By Kenneth Tiven in Washington
The frequency and fervour of the fund-raising emails is a good indicator of how former US President Donald Trump is handling the pressure of a Congressional House Select Committee investigating every aspect of the January 6 insurrection at the US Capitol Building. The mails come four or five each day, begging for money and castigating the Democrats and perceived enemies.
On television, the Trump sons are shouting as well, with son Eric claiming on Fox News that President Joe Biden spent several days at his Delaware home instead of being in the White House. Apparently, Eric forgot that his father spent nearly 25% of his entire four presidential years at a resort or country club he owns, usually playing golf or just holding court. Travelling the entire presidential team between Washington, Florida and New Jersey cost American taxpayers nearly $100 million dollars.
Trump has just sued the House Committee to prevent it from using records of the National Archives related to the January 6 events within the White House. The former president is asking a federal judge to declare the Committee’s subpoena invalid or, failing that, to declare the Presidential Records Act unconstitutional.
Under the Presidential Records Act, sitting presidents decide whether White House records, including those of previous administrations, are subject to executive privilege. Biden declined to assert executive privilege sought by Trump in response to the House subpoena.
Trump’s apparent effort is to tie up matters in court proceedings as much as possible until after the 2022 election in that hope that the Republicans gain control of the Congress and make this investigation go away. Furthermore, the lawsuit affords Trump the opportunity to play the victim, a role that seems to fit his alternate view of reality.
The House Committee has asked the full House to vote criminal contempt charges against one-time Trump advisor Steve Bannon. The combative Bannon wanted MAGA supporters to think he was a main player in the January 6 rally and rebellion. In a podcast the day before, he said: “It’s not going to happen like you think it’s going to happen. OK, it’s going to be quite extraordinarily different. All I can say is, strap in… You made this happen and tomorrow it’s game day. So strap in. Let’s get ready…. All hell is going to break loose tomorrow… So many people said, ‘Man, if I was in a revolution, I would be in Washington.’ Well, this is your time in history.”
Using every power at its disposal, the House Committee is vacuuming up every email, podcast, news account, visual social media and interviews related to events leading to and through the 6th of January. Ultimately, this will play out like a successful television mystery series about “who done It?” How many years it will take is the question no one can answer today.
The House investigators released a preliminary status report noting that Bannon appeared to have “gathered at the Willard Hotel, two blocks from the White House, on the days surrounding the January 6th attack.” The group that assembled is described as including members of the Trump campaign’s legal team (including Rudolph Giuliani and John Eastman), several prominent proponents of false election fraud claims that had been promoted by Trump (e.g., Russell Ramsland, Jr. and Boris Epshteyn), as well as Roger Stone, who left the hotel with Oath Keeper bodyguards, and campaign spokesman Jason Miller.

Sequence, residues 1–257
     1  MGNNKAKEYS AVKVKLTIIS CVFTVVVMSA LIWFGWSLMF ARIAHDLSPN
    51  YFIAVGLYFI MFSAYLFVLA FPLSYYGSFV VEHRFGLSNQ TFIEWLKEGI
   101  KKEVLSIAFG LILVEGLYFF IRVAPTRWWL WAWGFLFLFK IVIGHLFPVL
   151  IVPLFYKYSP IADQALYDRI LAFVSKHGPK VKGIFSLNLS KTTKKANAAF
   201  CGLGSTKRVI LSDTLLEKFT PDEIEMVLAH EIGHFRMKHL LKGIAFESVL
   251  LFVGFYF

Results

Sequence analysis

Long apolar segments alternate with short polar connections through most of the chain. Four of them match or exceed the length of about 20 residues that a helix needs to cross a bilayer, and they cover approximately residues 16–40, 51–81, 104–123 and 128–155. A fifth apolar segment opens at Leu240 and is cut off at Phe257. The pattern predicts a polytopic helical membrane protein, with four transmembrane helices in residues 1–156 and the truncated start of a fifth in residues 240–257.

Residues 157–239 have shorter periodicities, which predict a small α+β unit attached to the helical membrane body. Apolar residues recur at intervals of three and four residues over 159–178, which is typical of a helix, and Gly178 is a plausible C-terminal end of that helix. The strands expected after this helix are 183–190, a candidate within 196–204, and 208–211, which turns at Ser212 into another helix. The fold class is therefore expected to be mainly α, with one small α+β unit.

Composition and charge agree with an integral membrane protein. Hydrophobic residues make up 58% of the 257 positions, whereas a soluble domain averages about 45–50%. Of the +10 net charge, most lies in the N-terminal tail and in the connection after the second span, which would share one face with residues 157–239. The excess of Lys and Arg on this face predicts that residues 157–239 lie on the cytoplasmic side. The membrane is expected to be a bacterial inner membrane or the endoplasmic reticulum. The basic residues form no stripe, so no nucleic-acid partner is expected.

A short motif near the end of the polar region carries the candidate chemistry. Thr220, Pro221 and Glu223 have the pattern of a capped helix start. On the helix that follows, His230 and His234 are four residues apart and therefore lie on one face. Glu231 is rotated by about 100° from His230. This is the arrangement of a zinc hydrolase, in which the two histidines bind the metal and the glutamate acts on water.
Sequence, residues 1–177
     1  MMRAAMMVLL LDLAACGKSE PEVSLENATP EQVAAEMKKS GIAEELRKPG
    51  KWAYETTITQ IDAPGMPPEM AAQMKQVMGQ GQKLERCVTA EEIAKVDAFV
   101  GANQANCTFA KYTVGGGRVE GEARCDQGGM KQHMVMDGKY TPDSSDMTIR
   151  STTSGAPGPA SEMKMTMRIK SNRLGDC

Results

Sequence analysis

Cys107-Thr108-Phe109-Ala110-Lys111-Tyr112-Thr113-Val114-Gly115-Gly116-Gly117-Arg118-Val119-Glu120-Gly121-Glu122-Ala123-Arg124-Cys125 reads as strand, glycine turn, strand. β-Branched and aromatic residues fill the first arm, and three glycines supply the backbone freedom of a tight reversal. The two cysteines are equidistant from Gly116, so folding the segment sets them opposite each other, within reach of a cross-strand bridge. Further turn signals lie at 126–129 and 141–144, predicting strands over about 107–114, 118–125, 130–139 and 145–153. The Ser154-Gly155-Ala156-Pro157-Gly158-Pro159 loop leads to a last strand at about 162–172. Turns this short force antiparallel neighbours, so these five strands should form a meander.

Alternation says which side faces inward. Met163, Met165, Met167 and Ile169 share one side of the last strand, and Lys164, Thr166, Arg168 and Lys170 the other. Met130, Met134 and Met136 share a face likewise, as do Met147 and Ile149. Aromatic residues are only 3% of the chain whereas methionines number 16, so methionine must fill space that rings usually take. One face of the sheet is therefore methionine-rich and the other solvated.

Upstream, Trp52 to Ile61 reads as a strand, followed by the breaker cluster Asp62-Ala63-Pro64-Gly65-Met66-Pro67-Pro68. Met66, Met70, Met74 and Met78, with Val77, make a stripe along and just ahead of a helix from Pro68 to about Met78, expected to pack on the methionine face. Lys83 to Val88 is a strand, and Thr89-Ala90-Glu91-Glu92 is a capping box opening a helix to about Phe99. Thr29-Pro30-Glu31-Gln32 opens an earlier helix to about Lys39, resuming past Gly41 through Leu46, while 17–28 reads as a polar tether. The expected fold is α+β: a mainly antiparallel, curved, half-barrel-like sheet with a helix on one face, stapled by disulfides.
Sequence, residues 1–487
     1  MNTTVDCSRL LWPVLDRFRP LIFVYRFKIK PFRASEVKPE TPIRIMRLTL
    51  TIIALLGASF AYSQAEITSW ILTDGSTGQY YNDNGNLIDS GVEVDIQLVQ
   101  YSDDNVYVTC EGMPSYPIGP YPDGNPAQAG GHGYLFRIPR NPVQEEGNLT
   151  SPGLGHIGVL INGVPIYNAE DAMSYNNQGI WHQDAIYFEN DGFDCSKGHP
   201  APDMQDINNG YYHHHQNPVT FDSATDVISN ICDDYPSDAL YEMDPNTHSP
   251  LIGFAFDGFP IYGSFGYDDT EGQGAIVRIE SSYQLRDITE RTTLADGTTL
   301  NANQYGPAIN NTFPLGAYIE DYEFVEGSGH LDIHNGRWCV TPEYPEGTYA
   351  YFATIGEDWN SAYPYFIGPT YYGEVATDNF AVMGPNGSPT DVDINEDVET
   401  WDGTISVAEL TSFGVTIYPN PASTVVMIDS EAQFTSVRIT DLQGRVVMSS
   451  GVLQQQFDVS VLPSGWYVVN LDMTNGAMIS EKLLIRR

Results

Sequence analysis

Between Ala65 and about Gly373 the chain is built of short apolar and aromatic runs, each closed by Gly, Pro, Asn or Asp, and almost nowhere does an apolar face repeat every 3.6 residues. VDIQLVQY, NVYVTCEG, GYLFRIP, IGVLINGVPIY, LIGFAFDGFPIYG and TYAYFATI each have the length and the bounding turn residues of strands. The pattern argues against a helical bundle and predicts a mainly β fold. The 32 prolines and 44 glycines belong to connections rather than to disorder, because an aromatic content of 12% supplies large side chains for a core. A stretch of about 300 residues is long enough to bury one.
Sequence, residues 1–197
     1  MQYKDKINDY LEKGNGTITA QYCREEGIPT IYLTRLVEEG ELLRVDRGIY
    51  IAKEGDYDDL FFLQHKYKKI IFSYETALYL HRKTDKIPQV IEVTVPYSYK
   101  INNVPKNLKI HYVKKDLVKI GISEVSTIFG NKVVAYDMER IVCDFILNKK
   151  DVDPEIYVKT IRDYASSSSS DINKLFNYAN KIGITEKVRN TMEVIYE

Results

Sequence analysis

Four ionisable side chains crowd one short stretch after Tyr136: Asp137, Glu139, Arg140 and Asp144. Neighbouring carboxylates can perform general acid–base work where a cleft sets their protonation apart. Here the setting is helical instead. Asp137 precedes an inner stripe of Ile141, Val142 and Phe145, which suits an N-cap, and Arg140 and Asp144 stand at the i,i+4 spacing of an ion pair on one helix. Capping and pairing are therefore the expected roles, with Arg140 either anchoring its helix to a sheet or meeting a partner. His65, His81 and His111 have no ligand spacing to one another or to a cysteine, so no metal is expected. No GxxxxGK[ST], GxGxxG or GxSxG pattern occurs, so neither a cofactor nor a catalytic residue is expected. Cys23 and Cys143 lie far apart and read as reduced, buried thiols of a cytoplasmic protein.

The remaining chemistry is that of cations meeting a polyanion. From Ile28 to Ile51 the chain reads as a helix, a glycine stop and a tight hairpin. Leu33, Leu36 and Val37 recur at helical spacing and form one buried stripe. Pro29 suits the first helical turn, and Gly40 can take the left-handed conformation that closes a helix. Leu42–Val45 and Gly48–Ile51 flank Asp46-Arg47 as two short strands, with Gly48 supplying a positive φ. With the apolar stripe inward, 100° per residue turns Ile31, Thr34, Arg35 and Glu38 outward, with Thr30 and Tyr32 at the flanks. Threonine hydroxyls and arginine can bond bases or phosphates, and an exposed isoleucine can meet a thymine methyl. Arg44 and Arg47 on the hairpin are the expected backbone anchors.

It was revealed recently by ProPublica, an investigative website that as much as $3 million may have been raised to support the January 6-rally-turned-insurrection. According to interviews and documents reviewed by ProPublica, some money flowed to Republican dark-money groups that helped bring crowds to the event.
Caroline Wren, a former top fundraiser for the Trump campaign, managed some distribution, telling one associate that she sent funds to an arm of the Republican Attorneys General Association, at the Tea Party Express and at Turning Point, a collection of affiliated non-profits that serve young Republicans and others.
There are significant differences between the House probe and the one undertaken in 2016 regarding Trump’s alleged involvement with Russian help on his election. That was the Mueller probe which focused on an idea that something might have happened. In this instance, the probe is into an event which happened on live television, starting with incitement at a rally next to the White House involving Trump, leading directly to an attack on the nation’s Capitol. Hundreds of social media videos shared by the participants attest to that took place inside the building.
Recently, Trump sat for a four-hour deposition at his NY Office related to a law suit from 2015 when protestors allege they were roughed up by his security team outside Trump Tower. The activists’ lawyer claimed that there were a handful of questions Trump declined to answer. A spokesperson for the Trump Organization vigorously disputed his account of the proceedings. There are at least 10 civil cases pending against Trump, whose ability to delay them has been curtailed since he no longer can claim that as president he was immune from civil lawsuits.
At the White House briefing questions about why Biden would not extend executive privileges to his predecessor brought this response from press secretary Jen Psaki: “Our view, and I think the view of the vast majority of Americans, is that the former president’s actions represented a unique and existential threat to our democracy that we don’t feel can be swept under the rug…. Constitutional protections of executive privilege should not be used to shield information that reflects a clear and apparent effort to subvert the Constitution itself,” Psaki said.
—The writer has worked in senior positions at The Washington Post, NBC, ABC and CNN and also consults for several Indian channels